'Eagle Eyes' Teaches Pentagon Personnel to Be on the Lookout
By Sgt. 1st Class Doug Sample, USA
American Forces Press Service
WASHINGTON, Jan. 24, 2003 Several plastic containers and what appeared to be a timing device were found near a military checkpoint at the Pentagon yesterday, arousing the suspicion of a passer-by.
Soon afterward, members of the Arlington Fire Department and the Pentagon Force Protection Agency were on the scene. The Air Force Office of Special Investigations was contacted.
Alert notices sent out over e-mail and the Pentagon's emergency communications system informed those in the immediate area of what action to take.
The containers turned out to be nothing more than cleaning tools left behind by a vendor who'd been in the Pentagon to disinfect bathrooms.
Although the scare caused quite a bit of confusion, the passer-by did the right thing, said Tom Smith, a retired NYPD detective who now commands Detachment 344 of the Air Force Office of Special Investigations.
In light of what happened Sept. 11, 2001, "we don't dismiss anything -- we can't afford to," Smith said. Part of the mission of his six-man detachment is to help protect the 20,000 military and civilian personnel who work at the Pentagon.
Smith seems to take such incidents personally, no matter how frivolous. Which is why today in the Pentagon auditorium, he and his team met with workers to clue them in on "Eagle Eyes," a program created by the Air Force that has become the Defense Department's "Neighborhood Watch" program.
Eagle Eyes teaches military personnel and civilian employees to be on the watch for, and to report, suspicious activities of people they suspect may be:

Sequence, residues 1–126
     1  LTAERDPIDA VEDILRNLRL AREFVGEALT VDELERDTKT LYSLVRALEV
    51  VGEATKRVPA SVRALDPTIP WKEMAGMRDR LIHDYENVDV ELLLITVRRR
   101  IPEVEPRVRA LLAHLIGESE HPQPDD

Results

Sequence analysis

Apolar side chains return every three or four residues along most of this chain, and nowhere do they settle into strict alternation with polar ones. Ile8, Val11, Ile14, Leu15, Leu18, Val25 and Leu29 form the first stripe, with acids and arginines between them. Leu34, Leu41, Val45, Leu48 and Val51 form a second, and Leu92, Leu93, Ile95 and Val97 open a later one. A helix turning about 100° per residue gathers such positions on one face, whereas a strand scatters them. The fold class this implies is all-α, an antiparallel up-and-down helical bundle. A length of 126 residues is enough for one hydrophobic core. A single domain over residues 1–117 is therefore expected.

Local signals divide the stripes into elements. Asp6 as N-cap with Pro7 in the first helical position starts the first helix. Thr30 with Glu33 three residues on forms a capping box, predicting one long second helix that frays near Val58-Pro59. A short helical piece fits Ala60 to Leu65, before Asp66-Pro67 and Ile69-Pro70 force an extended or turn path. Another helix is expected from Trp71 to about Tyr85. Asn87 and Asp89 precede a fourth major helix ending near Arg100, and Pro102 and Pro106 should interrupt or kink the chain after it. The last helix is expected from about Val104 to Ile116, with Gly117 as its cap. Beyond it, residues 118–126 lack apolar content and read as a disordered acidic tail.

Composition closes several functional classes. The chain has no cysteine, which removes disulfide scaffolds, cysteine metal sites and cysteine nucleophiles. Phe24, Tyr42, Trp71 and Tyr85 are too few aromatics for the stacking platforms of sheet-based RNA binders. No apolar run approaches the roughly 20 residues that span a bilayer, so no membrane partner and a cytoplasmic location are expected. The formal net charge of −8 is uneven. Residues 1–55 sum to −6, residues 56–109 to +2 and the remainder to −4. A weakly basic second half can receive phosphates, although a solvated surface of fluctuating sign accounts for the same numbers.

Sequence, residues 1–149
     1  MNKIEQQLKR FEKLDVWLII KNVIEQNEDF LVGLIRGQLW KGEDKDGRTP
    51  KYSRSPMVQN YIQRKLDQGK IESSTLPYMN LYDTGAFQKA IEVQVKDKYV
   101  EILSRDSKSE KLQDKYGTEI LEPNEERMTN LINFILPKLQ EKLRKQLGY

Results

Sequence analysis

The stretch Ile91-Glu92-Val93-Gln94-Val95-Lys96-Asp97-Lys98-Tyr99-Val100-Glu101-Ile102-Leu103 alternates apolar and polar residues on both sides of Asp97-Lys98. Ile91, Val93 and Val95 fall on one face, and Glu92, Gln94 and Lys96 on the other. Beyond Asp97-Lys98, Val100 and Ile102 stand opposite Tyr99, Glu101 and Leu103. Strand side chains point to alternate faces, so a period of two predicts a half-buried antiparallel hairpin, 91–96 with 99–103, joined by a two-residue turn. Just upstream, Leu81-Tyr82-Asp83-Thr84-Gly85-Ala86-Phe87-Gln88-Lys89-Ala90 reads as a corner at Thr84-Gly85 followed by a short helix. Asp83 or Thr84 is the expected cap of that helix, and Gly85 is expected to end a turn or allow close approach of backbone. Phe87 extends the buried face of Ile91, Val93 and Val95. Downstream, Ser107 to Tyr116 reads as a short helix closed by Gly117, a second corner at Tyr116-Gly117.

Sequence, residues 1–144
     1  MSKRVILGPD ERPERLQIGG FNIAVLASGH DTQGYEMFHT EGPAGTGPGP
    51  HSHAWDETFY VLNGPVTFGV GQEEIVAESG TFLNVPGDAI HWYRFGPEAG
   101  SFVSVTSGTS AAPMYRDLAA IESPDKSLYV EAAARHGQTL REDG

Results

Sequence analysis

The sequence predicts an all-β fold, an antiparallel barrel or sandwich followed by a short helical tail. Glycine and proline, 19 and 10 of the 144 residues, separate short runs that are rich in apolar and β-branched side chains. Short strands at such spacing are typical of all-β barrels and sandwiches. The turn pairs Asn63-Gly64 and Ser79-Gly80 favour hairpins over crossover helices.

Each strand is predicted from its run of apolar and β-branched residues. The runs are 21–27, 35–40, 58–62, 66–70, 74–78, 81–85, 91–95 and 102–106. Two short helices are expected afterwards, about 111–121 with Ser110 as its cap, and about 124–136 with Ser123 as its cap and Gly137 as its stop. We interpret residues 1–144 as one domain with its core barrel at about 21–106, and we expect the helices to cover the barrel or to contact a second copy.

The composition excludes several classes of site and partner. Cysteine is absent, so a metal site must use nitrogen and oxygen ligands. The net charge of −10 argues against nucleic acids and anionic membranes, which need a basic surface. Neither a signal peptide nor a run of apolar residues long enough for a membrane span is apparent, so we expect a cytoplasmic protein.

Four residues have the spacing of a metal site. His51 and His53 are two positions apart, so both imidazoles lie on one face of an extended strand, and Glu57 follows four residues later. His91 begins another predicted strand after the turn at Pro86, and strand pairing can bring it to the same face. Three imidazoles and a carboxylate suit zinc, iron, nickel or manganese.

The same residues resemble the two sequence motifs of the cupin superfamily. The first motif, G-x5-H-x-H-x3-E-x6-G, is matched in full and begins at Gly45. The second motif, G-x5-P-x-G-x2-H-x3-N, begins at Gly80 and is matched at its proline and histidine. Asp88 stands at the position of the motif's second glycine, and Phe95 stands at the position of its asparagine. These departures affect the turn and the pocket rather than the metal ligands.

o Surveying the workplace or monitoring activities using cameras and video.
o Trying to gain information about military operations, capabilities or people.
o Testing security measures, attempting to measure reaction times or to penetrate security barriers.
o Purchasing or stealing explosives, weapons, ammunition, uniforms, decals, passes or badges.
o Taking notice of people who don't seem to fit in the workplace, neighborhood or business establishment.
Finally, Smith said, pay special attention to any threat received by any means that contains a specific time, location or place.
He told the audience not to be inhibited about reporting what might turn out to be innocent behavior. "You don't know it's innocent until you report it," he said. "We're much less concerned about too much reporting than too little. When lives are at stake, it's better to be safe than sorry."
He said he's not sure what effect Eagle Eyes has had on Pentagon security, but he believes that having everyone be more aware of what's going on around them is an effective counterterrorism measure.
"From active-duty military to family members to government contractors, anyone could see something out of the ordinary. Report it, and make a difference between a terrorist act occurring or not occurring," Smith said.
That, he said, would be a constant reminder to would-be terrorists -- among the more than 20,000 people working in the Pentagon, someone is likely to be watching.